The Iberian Lynx, Rarely Seen, Prowls Spain’s Arid Countryside
It has an alert face that is parenthetically bracketed with a pair of furry mutton chops; pale eyes, ears tipped with jet-black tufts, and a tawny coat blotched with dark streaks and spots. Even by feline standards, the Iberian lynx (Lynx pardinus) is a remarkable-looking creature. It is also one of the most endangered wildcats in the world.
As the name suggests, this stealthy species is native to Spain and Portugal. Each individual’s elaborate fur pattern is as distinctive as a thumbprint and indicative of where it comes from.
Within the lynx’s preferred habitat of Mediterranean forest, these high-contrast patterns help cloak the animal in near-invisibility, allowing it to move with utmost secrecy through the region’s faded green-and-beige woodlands of mastic, juniper, strawberry trees, and holm and cork oaks.
The victims of their ambushes are nearly always rabbits. While the Labrador-sized cats occasion-ally prey on red-legged partridge and rodents, rabbits typically make up 90% of an Iberian lynx’s diet. Generally most active at dusk and night, the predator is perfectly adapted for small, fast prey, its skull, jaw and teeth proportioned to facilitate killing them with a single bite. But the lynx’s over-reliance on a single food source is risky, given that rabbits have been prone to decimation: Viral hemorrhagic disease (VHD) and myxomatosis have slashed their numbers in recent years, and lynx populations have suffered accordingly. Some of these fierce hunters have adapted more quickly than others. Northeast of Córdoba, for example, in the Sierra de Andújar, one male has developed a reputation for taking down red deer. But Espuela (as he is known) is larger than most, and this is highly uncommon hunting behavior.
It is thanks in large part to careful management—including captive breeding followed by release in the wild—that lynxes like him are still around to be studied at all. GPS collars have made it easier for researchers to do tracking and monitoring, which has in turn provided valuable information about the animals and their territories. Already the collars have unearthed some astonishing jour-neys. One relocated male named Kahn travelled more than 310 miles (500 km) after being released southwest of Madrid, a journey that took him across motorways, mountains, and the Tejo river. The cat’s ultimate destination? His birthplace, in Portugal.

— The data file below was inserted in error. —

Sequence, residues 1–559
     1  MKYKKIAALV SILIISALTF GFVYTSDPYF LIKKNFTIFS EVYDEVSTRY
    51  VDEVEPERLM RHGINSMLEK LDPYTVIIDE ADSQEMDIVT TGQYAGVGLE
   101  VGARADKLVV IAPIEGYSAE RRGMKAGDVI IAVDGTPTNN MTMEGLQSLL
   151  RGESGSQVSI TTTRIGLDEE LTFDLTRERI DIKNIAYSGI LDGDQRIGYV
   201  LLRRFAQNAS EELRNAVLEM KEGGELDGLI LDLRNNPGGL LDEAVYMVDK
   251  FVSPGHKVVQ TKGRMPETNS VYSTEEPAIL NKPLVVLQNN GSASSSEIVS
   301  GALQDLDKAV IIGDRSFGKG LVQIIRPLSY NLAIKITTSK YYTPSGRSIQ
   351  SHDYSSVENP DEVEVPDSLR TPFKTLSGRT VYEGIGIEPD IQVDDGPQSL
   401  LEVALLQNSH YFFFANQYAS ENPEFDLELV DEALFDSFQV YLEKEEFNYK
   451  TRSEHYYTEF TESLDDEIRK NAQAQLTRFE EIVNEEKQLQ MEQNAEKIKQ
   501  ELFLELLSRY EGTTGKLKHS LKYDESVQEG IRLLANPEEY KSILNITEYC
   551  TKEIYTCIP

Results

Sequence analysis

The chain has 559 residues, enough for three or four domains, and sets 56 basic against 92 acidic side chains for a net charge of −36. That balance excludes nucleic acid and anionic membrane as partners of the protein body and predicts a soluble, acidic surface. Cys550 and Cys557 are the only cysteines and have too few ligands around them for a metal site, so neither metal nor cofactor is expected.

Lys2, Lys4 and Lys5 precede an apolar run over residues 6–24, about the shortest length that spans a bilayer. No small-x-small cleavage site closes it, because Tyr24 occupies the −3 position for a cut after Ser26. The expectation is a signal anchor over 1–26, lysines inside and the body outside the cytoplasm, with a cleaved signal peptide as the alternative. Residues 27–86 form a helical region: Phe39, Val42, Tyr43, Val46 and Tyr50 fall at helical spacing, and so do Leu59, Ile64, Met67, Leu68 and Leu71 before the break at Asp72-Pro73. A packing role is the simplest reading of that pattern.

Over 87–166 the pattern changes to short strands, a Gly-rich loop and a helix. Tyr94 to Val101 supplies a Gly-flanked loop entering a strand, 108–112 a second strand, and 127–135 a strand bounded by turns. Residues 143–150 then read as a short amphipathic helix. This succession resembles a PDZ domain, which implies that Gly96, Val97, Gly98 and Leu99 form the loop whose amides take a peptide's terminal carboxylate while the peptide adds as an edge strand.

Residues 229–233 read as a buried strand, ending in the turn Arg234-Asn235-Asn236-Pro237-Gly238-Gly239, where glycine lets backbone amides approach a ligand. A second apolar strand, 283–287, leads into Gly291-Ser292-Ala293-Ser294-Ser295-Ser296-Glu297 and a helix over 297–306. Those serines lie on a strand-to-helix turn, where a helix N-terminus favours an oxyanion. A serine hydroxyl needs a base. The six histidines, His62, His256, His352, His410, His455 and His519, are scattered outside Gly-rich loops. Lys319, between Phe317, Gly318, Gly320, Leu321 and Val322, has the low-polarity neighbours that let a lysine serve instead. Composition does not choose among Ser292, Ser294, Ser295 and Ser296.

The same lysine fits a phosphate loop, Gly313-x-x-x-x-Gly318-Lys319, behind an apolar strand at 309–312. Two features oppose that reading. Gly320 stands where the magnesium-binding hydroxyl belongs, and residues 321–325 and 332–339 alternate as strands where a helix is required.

The lynx’s search for habitat in today’s crowded Spain is perhaps its most important pursuit of all, and the collars indicate that individuals will travel up to 15 miles (25 km) a day to find it. Some will strike out, return to their release site, and then head out in a different direction several times before finding suitable terrain to settle in.
Having been on the brink of extinction not long ago, the Iberian lynx is now in a better position than it once was. A ban on trophy hunting in the early 1970s failed to prevent its decline. From twelve recorded populations in 1988, the total had dropped to only two by the early aughts. But when the tally of individuals crashed to less than 100, the European Commission’s LIFE program stepped in and helped Iberian lynxes rebound in the wild. The 2016 count was 483. Effects of a June 2017 wildfire in Doñana National Park on the lynx there are as yet unknown.
Though formerly considered a subspecies of the Eurasian lynx (Lynx lynx), the Iberian lynx—smaller, with a shorter coat and more distinctive fur markings—is now classified as its own species. It is presumed to have evolved separately (and migrated westward) several million years ago, during the late Pleistocene era, and it exists nowhere else. It is perhaps for this reason that in the western region of Extremadura, landowners are taking great pride in providing a home for the lynx 20 years after it went locally extinct. A Spanish general has allowed a “soft-release” enclosure of two hectares to be built on his estate, from which 17 individuals have been successfully introduced into the wild since 2014. In 2015, two of the females raised a combined total of six cubs.
To keep cubs fed, a female must kill three or four rabbits a day. The volatility of the food supply is one of several direct threats, another one being vehicles. No amount of stealth can prevent a lynx from becoming road kill. The camouflage so useful for evasion and hunting is, if anything in these situations, a hindrance.